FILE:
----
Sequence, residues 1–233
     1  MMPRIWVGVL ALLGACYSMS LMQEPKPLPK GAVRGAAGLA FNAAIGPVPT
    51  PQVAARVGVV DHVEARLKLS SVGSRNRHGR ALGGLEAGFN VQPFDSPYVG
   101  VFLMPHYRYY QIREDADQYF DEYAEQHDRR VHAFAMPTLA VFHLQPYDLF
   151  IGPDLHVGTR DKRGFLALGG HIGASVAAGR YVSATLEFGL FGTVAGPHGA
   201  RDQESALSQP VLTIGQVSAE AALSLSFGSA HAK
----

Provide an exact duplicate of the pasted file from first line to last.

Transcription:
Sequence, residues 1–233
     1  MMPRIWVGVL ALLGACYSMS LMQEPKPLPK GAVRGAAGLA FNAAIGPVPT
    51  PQVAARVGVV DHVEARLKLS SVGSRNRHGR ALGGLEAGFN VQPFDSPYVG
   101  VFLMPHYRYY QIREDADQYF DEYAEQHDRR VHAFAMPTLA VFHLQPYDLF
   151  IGPDLHVGTR DKRGFLALGG HIGASVAAGR YVSATLEFGL FGTVAGPHGA
   201  RDQESALSQP VLTIGQVSAE AALSLSFGSA HAK